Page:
Laser cleaning of bacteria infected surfaces

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Traditionally, in the food industry, cleaning and disinfection is done using detergent and liquid water. Bacteria on the surfaces form biofilms that adhere to the surfaces very strongly [Reference 1]. Studies have shown that these biofilms are not easy to remove using detergent solutions because they are sticky. Bacteria are easier to remove in liquid solutions as compared to the surface of solids such as stainless steel. Bio-films tend to resist removal by mechanical and chemical means.  Other methods of disinfection needs to be explored to replace the mechanical scribing and chemical methods. Figure 1 shows a stainless steel surface that has been infected by bacteria.

Figure 1: Stainless steel surface infected with bacteria

Laser cleaning of surfaces infected with bacteria is a very effective method because one can utilize the thermal effects produced by the laser to disinfect the surface. Figure 2 shows laser cleaning of a contaminated tray.

Figure 2: Laser cleaning of a contaminated tray

Studies have been performed to understand the effectiveness of using different types of lasers in cleaning bacteria infected surfaces. Usually the lasers to be used are pulsed lasers but the choice of wavelength, pulse energy and repetition rate is quite important. In one study [Reference 2], seven different types of lasers ranging from Ultraviolet (355 nm) to far IR ( 118 μm) were used to find their effectiveness in killing Escherichia-Coli (E-Coli) bacteria. Among the lasers,  a CO2 pulsed laser at 10.6 μm and several Nd:YAG lasers operating at nominal, second harmonic and third harmonic wavelengths were used.

The study showed that the CO2 pulsed laser was the most effective in removing the bacteria followed by the Nd:YAG laser above a certain energy density. The effect of UV on killing bacteria is quite well known and the third effective laser was the frequency tripled Nd: YAG laser(355 nm emission). For testing purposes, the E-Coli bacteria was planted on several plates and then the plates were exposed to laser irradiation. After this exposure, the plates were incubated for 24 hours at 37°. If sterilization with laser worked, after growth an area free of bacteria would be observed. Table 1 shows the different parameters of lasers and the observed area free of bacteria after exposure to such lasers.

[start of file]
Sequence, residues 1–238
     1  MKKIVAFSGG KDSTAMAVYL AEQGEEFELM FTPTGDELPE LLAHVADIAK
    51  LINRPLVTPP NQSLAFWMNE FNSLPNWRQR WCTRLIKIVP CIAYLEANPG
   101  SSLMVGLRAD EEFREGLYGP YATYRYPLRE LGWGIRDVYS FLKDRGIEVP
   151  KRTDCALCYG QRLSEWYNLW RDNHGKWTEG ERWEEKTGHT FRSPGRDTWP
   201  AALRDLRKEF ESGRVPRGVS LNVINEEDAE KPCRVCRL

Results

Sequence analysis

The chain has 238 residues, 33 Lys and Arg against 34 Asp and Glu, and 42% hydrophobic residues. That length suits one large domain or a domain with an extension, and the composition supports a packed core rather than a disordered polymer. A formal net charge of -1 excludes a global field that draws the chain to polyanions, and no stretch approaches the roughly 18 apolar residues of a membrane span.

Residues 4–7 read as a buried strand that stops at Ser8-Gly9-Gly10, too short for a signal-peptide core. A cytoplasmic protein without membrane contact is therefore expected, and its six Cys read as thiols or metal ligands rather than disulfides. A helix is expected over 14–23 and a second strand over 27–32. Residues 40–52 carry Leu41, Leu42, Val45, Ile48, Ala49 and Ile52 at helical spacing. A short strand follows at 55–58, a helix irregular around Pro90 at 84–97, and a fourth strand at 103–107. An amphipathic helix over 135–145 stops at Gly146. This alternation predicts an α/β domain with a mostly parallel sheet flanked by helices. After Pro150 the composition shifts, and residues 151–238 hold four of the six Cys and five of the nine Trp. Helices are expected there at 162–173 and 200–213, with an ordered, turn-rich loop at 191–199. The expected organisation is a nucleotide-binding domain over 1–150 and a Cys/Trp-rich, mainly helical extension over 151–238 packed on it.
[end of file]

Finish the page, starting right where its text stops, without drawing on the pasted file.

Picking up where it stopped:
Wavelength (μm)
Beam area (cm2)
Mean power (watts)
Exposure time (sec)
Energy density (J cm-2)
Area of bacterial killing (cm2)
Nd:YAG Lumonics


MInilite 10









Surelite  II-10








Table 1: Comparison of lasers for decontamination of bacteria infected surfaces [Ref 2]

As can be seen from the above table, energy density of the Lumonics Nd:YAG laser (10 msec pulses with 10 Joules of energy at 20 Hz) was 246 times that of the CO2 laser and the exposure time was 533 times longer as well. This difference could be attributed to the fact that water absorbs the mid-IR radiation (at 10.6 μm)  much stronger than the near IR (1.06 μm) and since the E-Coli bacteria reside in water, they get killed more easily.

The UV wavelengths at 355 nm also responded well to sterilization as shown in the table. The frequency tripled lasers operated at 10 Hz repetition rate and had a pulse duration of about 5 nsec. Comparing the Surlite frequency tripled laser with the Lumonics Nd:YAG laser, one can see that with a mean power 200 time smaller and an exposure time of nearly 5 time shorter (Energy density was almost 20 times less), the Surlite laser achieved the same order of magnitude cleaning area as compared to Nd: YAG (0.123 cm2 as compared to 0.715 cm2).

Aside from lasers which were effective in killing the E-Coli Bacteria, there were other lasers that were ineffective. Some of these lasers included a far IR laser at 118 μm, diode laser at 0.81 μm and Argon ion laser at 0.488 μm. Several different energy densities were used for these lasers but they were found to be ineffective in killing the bacteria on the surfaces.

Allied Scientific Pro has developed a fiber based laser cleaning system that has already been used and proved itself working in many different fields such as ruch removal in aviation industry, cleaning historical monuments and decontamination of a nuclear facility. These laser cleaning systems have a laser head, optics and galvo mirrors that can make different shaped beams. Normally, a linear beam is used but to extend the application of these laser cleaning systems to cleaning surfaces infected with bacteria, and to increase the energy density of the beam, a circular spot size can be generated. As far as the repetition rate and mean power are concerned, the specifications are compatible with the parameters of Nd:YAG laser from Lumonics, mentioned in table 1.

Figure 4 shows the laser cleaning system by Allied Scientific pro. This is 100 Watt system operating at 1030 nm wavelength called Laser Blast 100.

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Figure 4: Laser blast 100 system by Allied Scientific Pro

Cleaning operations of contaminated metal surfaces in the food industry could hugely benefit from laser cleaning system such as above. It is much faster and more effective than traditional methods of using mechanical and chemical means.

Visit our dedicated Laser Cleaning Website to learn more


  1. Elimination of adhering bacteria from surfaces by pulsed laser beams, A.K.Sadoudi, et. Al, Letters in applied microbiology 1997, 24, 177-179, 1996.

  2. Comparative bacterial activities of lasers operating at seven different wavelengths, I.A. Watson, Journal of biomedical optics 1(4), 466-472 ( October 1996)

Summarizing the article, “Environmental Evaluation of Abrasive Blasting with Sand, Water, and Dry Ice”.